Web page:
Saturday, 15 October 2011

Brand image is important

It is strange that, so often, when I start laboriously composing throwing a post together, some other blogger posts much more eloquently on the subject a mere hour or so before I am ready to click on 'publish'.
That's life I suppose, so fulsome credit to Jeffrey Tucker of
The Chant Cafe for summarising all that I have said in one picture.

There will be some who will not like commercial applications being made to the faith but I hope that this post will not be regarded as being too offensive.
You see, there are times when perhaps, we, or the powers that be, need to take a long hard look at the Church and to try to see it as others see it.

So throw a metaphorical log on the fire and bring your battered armchair closer while I attempt to explain and expound.

Heinz Baked beans is a popular and successful brand. Why? Well, first and foremost the product (the beans and the sauce that they are in) are of good quality. That is, overstating the obvious, critically important.
But we can't see the beans or the sauce when the can is sitting on the supermarket how do we make a decision as to whether we want to try a can to see what the contents are like?

Well, tradition plays a role here. Or maybe reputation might be a better word in this context.
 Most people have grown up with the range of Heinz products - from the cradle to the gravy!
It is globally well known brand and, in general, well appreciated. You pay a slightly higher price for it than a non conformist brand but you have to pay for quality in the commercial world.

Next, there is the familiar label and logo - that shouts 'beans' and 'quality' at us. It is also as familiar to us as it would have been to our parents, grandparents and so on. Yes, really. Continuity is everything, the label may have changed imperceptibly every decade or so, just to keep pace with the developing world but it is still eminently recognisable as Heinz whether it is a 1911 tin or a 2011 one.

A little battered and faded but still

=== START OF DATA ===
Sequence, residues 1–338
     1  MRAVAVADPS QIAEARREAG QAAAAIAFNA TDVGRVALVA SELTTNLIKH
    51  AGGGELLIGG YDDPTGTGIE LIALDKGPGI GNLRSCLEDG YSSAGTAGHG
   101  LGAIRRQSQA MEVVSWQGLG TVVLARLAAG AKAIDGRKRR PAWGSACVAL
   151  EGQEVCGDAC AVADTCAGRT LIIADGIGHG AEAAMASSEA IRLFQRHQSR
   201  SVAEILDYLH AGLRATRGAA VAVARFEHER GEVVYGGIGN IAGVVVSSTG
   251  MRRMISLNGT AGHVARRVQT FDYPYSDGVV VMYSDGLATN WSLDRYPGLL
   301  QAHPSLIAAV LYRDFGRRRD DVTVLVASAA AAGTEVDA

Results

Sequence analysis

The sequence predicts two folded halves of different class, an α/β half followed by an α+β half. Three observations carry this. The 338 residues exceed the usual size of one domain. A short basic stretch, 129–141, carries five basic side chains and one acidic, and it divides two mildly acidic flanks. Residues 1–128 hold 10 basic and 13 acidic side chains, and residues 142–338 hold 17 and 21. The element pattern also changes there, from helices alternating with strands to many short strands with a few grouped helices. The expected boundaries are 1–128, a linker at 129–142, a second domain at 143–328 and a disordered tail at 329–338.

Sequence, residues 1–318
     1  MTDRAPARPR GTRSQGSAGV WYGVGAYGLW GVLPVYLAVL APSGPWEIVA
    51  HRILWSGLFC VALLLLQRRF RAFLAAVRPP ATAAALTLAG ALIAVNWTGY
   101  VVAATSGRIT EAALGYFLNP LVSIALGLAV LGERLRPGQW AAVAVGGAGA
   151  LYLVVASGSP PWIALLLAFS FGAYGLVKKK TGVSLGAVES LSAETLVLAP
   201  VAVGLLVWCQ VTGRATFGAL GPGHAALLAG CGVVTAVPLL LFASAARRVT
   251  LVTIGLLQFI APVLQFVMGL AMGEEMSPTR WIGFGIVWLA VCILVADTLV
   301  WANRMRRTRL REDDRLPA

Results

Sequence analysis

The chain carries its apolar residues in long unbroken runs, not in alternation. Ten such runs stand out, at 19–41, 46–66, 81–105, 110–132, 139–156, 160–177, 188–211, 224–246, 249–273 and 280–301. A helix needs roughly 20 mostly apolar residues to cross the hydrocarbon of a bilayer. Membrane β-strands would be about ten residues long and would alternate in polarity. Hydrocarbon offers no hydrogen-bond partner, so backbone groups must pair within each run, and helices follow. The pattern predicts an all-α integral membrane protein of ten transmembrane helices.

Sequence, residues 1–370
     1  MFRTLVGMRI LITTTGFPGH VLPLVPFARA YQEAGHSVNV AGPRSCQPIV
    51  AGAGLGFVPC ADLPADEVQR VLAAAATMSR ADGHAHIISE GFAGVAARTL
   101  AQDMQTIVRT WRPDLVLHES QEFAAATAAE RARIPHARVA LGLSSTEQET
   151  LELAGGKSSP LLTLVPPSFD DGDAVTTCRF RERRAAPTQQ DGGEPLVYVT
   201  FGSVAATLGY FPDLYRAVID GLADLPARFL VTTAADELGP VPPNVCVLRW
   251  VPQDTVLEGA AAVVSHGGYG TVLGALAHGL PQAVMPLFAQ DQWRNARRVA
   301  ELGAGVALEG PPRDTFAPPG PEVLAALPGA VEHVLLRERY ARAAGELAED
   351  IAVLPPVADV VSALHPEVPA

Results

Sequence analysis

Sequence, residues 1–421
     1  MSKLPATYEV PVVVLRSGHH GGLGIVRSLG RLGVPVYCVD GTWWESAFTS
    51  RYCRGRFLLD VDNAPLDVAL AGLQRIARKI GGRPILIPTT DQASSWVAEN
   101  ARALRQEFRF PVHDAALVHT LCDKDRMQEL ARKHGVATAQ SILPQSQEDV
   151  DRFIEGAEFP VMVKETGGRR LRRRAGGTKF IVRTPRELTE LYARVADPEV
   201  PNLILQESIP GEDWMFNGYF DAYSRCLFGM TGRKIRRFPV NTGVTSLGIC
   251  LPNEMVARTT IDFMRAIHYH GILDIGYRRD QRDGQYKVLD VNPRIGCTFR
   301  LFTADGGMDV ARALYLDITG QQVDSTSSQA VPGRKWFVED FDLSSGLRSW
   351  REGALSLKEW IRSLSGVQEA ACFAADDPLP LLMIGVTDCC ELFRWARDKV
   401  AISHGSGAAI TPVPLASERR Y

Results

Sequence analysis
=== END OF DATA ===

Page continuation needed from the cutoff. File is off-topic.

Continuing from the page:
recognisable as the same quality product
that begat the beans we eat today
You see, continuity is good, recognition as to what the brand and product is about is leads people into trying it if they have not already done so and it keeps those who know the brand loyal to the brand.

So (and this is where the post takes a sudden turn that, hopefully, you did not see coming) what sort of Catholic brand image do you project to those around you?

Are you instantly recognisable as a Catholic?

Do you have that element of continuity? The Hermenetic of Continuity?

Are you true to the original teachings of Christ?

And as to Holy Mother Church - what sort of image does she project?

I know what sort of image she projects in England & Wales; a dithery, unspecific organisation that, in answer to critical questions just shrugs and says "Who knows what's in the future?" - an organisation that does not seem to hold true to its hermeneutic of continuity, an organisation that is lacking.

Please understand that those comments are not directed at those laity who make a stand for the faith, who pray outside abortuaries or who go on pilgrimages or undertake arduous feats out of love for mankind (well done David Aron for completing 184 gruelling miles).

My remarks are directed at those in authority within the church, the priests who dress in tracksuits to go about their business, the nuns who have forsaken the cross and, of course, the Bishops who, above all others, should be cementing the image and setting the pace.


  1. May I just point out that if you have continuity in fact, you don't need a "Hermeneutic of Continuity"?

  2. Like you, I don't care much for using marketeers' lingo, but I've also found the concept of the brand useful in a couple of posts. And, like you, I've spent hours laboriously crafting an excellent piece only to be cut out by a Big Name who got their better piece in first. But this post stands on its own merits, so don't sell yourself short.

    @ Anagnostis: You do if others keep pushing a hermeneutic of rupture.

  3. And how are they able to do that, Anthony?

  4. Anagnostis - you surely would not deny us Catholics our Hermeneutic?

  5. Thanks Tony - that is praise indeed.

  6. Richard

    This is pendantic but hermeneutic means the study and practice of interpretation. Thus the "image" or "brand" you project, to use your analogy either has an element of continuity or not. Hermeneutics don't enter into it.